Scientists Used A Science Fiction Inspired Brain Hack To Increase Language Learning Abilities By 13%
Past researches have shown how young children are far better at learning new languages than their adult siblings and parents. But new research has something new to offer when it comes to the language learning abilities of adults!
Science of Learning recently published a new study that shows small amounts of electrical stimulation significantly improved the language learning abilities of the adult participants. The experiment was done via specially made earpieces, and the effects lasted even after the stimulation was stopped.
The paper’s introduction explains how humans are, by nature, perpetual learners. But there is the exception of adults who seem unable to acquire non-native languages in their adulthood.
Inverse reported that the vagus nerve of the participants was stimulated in the experiment via the earpieces. This improved their ability to identify as well as distinguish the tones of 4 different tones of Mandarin. If you’re a native English speaker and are not usually aware of tonal languages, this would be something of a feat!
Science Fiction and Language Learning Abilities
Language learning abilities received a boost of nearly 13% in these adults. They performed 13% better at distinguishing an easy-to-differentiate pair of Mandarin tones than those who did not receive the stimulation. But with more difficult tones, the effect of the stimulation was not much noticeable.
Leonard Lab/UCSF/Jhia Louise Nicole Jackson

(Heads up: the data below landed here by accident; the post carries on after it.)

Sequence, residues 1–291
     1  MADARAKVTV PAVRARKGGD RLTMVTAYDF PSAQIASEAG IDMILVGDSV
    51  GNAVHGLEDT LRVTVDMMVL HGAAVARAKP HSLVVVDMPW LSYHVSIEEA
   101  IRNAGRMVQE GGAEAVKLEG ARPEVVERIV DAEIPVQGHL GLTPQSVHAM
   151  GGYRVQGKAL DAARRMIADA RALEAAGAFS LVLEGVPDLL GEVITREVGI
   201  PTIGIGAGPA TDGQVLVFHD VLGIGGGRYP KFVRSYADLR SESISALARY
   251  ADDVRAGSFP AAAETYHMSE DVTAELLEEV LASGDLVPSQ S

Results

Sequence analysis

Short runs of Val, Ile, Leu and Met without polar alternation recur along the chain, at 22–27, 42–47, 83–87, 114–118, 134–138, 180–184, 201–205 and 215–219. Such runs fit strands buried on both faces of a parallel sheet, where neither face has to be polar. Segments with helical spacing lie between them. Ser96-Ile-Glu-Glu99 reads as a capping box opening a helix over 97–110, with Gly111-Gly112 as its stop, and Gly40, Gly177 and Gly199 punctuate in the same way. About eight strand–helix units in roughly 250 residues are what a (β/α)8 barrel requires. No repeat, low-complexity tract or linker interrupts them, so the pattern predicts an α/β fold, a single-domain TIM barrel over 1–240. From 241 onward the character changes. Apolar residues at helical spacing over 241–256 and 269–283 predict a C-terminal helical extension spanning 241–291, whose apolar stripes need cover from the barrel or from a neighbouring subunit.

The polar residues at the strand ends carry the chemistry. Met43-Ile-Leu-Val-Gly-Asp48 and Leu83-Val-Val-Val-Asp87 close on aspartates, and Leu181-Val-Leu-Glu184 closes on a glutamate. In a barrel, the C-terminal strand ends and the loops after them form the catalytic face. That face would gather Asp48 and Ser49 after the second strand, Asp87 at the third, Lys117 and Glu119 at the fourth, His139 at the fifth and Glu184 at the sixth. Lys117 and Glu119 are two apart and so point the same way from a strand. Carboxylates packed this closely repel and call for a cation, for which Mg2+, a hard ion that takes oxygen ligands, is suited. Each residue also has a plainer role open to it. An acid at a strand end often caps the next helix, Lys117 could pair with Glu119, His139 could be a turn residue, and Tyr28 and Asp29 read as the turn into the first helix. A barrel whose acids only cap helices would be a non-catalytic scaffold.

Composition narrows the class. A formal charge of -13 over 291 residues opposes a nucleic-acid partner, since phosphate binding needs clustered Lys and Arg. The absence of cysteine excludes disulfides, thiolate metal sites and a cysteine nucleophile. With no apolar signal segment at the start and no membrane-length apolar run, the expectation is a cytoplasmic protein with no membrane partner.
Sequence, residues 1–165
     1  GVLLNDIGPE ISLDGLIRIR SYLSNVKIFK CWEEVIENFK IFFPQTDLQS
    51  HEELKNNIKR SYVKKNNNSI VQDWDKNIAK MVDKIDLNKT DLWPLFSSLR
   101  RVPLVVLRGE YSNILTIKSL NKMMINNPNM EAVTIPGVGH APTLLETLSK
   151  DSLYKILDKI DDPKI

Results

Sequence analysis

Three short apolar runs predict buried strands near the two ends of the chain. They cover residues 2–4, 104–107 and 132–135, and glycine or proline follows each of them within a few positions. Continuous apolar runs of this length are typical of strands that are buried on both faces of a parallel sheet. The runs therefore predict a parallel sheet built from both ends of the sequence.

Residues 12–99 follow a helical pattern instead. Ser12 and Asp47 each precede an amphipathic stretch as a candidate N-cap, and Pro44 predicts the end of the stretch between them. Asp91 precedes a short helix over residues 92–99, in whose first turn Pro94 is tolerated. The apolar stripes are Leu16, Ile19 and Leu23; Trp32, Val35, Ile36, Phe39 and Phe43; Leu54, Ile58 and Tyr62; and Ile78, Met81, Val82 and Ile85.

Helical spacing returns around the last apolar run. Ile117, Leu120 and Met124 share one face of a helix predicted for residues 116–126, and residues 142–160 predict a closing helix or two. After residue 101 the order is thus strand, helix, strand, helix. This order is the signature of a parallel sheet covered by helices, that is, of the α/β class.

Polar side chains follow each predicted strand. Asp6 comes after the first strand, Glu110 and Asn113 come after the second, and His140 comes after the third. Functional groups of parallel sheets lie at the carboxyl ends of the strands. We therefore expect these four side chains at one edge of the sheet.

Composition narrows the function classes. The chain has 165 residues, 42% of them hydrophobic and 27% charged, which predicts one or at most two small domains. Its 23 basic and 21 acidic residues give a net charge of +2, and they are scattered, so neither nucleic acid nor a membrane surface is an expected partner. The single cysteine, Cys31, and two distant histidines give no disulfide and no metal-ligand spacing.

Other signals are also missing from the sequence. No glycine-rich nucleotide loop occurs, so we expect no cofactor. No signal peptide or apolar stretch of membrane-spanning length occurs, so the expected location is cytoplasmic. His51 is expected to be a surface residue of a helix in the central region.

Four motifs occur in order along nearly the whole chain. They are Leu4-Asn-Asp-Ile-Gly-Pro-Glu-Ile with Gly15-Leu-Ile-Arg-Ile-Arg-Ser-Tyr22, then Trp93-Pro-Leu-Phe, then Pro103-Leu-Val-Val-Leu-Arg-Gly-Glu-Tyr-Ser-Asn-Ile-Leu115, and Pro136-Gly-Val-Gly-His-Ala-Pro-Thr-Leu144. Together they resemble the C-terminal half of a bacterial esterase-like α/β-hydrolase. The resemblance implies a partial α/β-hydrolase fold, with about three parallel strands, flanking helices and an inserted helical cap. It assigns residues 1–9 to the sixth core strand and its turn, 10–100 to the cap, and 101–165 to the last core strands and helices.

The lead author of the study, Fernando Llanos said, “Showing that non-invasive peripheral nerve stimulation can make language learning easier potentially opens the door to improving cognitive performance across a wide range of domains.” Llanos is a post-doctorate researcher at the Sound Brain Lab of the University of Pittsburg.
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The improvement in language learning abilities can be generalized and extended to learn sound patterns of many other languages. Matthew Leonard, the co-author of the study, said how people often feel discouraged feeling language learning is hard in adulthood. But if their experiments gave 13-15% better results in just one session, it might make more people excited about foreign languages. Leonard is an assistant prof of neurological surgery at UC, San Francisco.
After the initial success in improving adult language learning abilities, the researchers are now busy testing if longer learning sessions with the earpieces can further enhance the effect. This would make it easier for the learners to differentiate between the more difficult-to-distinguish tones.
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Apart from learning languages, the vagus nerve has been stimulated previously in other experiments as well. Back then it was being tested for treating epilepsy, while currently, some studies on this nerve are working to see its effect on curing inflammatory diseases and even depression. But one thing is for sure, these treatments would be way more invasive than the earpieces used in this language learning test.
Bharath Chandrasekaran is the senior author of the language learning abilities study. He explained that their stimulation showed positive effects, but in a non-evasive way. This can make the technology more scalable. It can have broader applications, like in the cases of post-stroke rehabilitation. Chandrasekaran is the vice-chair of research at the Uni. of Pittsburg School of Health and Rehabilitation Sciences.